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Olympus Fees, Internet Ads, Health-Care Law, PMI: Compliance

Olympus Corp. (7733) said three executives helped conceal decades of losses by paying inflated fees to takeover advisers, the first admission of wrongdoing since accusations from its former chief executive officer engulfed the Japanese camera maker four weeks ago.

The company fired Executive Vice President Hisashi Mori over his role in covering up the losses with former Chairman Tsuyoshi Kikukawa, who resigned last week, and said auditor Hideo Yamada would step down.

The company’s admission that the three colluded to hide losses from investors fails to address the roles played by other officials, according to the company’s biggest overseas shareholder.

That shareholder is now demanding investor relations head Akihiro Nambu go too. The demand is based on Nambu’s role as a director of Gyrus Group Plc, the U.K. takeover target used to funnel more than $600 million in inflated advisory fees to a Cayman Islands fund. After Nambu, the rest of the board must follow, said Josh Shores, a London-based principal for Southeastern Asset Management Inc.

Shores said the action is necessary because the board failed to ask questions. Shores also noted there “is a third party somewhere who received this money.”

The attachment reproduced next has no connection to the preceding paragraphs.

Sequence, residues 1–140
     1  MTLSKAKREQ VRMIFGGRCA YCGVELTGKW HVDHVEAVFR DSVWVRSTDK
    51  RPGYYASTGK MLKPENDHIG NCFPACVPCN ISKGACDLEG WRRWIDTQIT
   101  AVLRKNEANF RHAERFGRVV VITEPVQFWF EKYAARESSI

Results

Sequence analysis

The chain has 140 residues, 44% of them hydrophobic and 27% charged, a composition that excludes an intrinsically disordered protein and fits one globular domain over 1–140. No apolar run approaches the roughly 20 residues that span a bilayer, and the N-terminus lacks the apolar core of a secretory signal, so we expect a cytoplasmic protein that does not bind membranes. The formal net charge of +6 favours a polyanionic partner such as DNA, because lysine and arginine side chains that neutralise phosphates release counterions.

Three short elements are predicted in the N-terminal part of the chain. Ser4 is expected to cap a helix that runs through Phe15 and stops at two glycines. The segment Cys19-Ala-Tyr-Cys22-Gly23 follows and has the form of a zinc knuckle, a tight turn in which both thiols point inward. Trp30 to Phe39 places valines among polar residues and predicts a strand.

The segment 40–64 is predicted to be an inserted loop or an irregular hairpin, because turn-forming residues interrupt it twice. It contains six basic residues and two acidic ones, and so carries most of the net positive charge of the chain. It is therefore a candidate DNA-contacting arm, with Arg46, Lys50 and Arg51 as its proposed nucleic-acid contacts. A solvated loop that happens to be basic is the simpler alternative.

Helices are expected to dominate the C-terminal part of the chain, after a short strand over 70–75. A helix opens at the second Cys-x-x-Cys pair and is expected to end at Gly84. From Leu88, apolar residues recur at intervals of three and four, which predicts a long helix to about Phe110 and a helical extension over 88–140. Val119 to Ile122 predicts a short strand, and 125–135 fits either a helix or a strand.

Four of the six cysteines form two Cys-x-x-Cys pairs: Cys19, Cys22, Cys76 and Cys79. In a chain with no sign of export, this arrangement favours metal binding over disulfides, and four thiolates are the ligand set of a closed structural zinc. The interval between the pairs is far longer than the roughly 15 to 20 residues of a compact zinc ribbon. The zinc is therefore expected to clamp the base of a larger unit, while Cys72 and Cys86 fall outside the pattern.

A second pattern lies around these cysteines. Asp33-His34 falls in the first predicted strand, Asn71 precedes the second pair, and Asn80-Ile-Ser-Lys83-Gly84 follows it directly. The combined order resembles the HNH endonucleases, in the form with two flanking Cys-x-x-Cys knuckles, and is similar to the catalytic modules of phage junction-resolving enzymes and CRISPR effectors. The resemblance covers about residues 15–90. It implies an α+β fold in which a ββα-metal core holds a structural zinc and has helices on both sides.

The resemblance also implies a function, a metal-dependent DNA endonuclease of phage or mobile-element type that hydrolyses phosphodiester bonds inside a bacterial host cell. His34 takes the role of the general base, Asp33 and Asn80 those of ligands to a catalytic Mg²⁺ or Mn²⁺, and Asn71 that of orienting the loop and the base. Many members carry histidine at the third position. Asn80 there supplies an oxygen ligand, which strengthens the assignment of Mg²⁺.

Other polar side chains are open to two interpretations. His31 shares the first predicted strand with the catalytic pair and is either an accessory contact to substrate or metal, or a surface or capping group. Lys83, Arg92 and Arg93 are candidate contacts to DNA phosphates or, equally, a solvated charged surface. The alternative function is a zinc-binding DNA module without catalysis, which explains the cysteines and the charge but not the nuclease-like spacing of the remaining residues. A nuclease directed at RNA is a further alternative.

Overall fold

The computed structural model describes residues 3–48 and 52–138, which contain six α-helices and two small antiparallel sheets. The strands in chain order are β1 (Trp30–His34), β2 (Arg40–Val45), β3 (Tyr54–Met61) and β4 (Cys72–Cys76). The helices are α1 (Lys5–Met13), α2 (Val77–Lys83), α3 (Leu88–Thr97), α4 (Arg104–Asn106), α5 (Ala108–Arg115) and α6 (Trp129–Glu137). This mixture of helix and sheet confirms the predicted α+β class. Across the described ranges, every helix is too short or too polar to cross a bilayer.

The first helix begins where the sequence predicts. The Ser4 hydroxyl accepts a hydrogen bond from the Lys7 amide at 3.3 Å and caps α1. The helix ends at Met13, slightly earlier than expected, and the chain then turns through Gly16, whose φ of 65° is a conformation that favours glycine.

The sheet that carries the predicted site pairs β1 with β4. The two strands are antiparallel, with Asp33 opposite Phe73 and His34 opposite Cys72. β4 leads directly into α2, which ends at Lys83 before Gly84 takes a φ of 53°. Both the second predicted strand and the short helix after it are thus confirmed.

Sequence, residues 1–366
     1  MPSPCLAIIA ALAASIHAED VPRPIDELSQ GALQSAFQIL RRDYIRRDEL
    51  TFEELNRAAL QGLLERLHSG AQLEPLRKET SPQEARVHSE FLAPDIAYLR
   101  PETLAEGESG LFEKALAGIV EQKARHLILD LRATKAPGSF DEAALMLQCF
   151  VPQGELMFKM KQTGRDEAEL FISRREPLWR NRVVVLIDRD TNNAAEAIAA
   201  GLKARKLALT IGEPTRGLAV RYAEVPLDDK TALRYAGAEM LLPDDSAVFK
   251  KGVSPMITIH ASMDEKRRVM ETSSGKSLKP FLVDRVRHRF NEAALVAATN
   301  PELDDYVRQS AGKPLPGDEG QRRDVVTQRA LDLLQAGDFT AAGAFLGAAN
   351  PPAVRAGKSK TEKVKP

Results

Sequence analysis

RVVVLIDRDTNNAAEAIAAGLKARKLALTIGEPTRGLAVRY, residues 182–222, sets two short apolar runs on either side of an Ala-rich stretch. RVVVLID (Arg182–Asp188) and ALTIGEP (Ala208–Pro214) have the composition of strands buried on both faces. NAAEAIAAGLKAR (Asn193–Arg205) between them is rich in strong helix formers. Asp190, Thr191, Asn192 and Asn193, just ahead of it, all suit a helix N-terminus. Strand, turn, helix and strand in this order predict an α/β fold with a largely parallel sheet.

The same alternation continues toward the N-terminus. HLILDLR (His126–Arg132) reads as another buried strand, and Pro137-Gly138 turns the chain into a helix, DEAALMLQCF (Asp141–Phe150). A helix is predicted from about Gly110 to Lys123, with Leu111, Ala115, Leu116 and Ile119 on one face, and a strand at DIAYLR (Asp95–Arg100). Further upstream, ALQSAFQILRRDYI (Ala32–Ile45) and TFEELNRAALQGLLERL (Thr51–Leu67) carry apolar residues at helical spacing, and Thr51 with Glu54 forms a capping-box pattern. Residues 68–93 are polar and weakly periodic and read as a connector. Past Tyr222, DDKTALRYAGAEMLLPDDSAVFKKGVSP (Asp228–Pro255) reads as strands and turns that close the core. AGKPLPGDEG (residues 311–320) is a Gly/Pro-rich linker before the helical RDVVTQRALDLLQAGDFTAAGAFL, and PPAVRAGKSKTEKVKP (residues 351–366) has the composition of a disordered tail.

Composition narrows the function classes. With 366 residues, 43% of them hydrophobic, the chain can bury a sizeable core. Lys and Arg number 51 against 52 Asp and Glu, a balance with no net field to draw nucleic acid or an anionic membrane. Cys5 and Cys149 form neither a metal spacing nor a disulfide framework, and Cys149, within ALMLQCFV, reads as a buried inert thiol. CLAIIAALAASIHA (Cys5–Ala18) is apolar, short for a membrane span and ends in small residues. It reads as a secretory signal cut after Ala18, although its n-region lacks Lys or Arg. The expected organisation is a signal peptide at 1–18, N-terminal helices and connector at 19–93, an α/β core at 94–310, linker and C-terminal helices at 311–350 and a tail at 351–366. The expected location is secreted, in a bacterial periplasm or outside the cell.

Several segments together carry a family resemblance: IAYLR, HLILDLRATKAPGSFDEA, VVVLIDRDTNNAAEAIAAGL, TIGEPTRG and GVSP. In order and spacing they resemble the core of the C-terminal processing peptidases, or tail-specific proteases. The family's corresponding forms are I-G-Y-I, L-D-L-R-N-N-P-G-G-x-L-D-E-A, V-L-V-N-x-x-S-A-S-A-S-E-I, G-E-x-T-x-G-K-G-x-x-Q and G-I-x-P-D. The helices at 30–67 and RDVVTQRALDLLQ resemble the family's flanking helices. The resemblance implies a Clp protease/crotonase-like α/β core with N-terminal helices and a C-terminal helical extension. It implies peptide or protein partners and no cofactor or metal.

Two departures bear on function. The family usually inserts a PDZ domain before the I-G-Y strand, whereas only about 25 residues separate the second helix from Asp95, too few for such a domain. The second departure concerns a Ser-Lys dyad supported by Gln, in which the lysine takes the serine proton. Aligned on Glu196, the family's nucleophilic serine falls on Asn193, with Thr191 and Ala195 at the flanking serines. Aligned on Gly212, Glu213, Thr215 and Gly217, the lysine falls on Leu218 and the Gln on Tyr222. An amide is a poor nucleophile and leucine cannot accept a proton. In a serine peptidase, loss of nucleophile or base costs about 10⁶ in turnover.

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Olympus shares plunged by the daily limit and pulled other Japanese equities lower on concerns the country hasn’t escaped corporate governance weaknesses that have dogged it since the stock market bubble burst at the end of 1989.

Japanese and U.S. regulators are probing allegations that more than $1.5 billion was siphoned through offshore funds. That money may have been used to cancel out non-performing securities that Olympus was keeping off its books, according to a report in the Shukan Asahi magazine, which cited people familiar with the process.

Olympus released a statement yesterday that said an independent investigation found advisory fees and takeover payments were used to hide soured investments from the 1990s.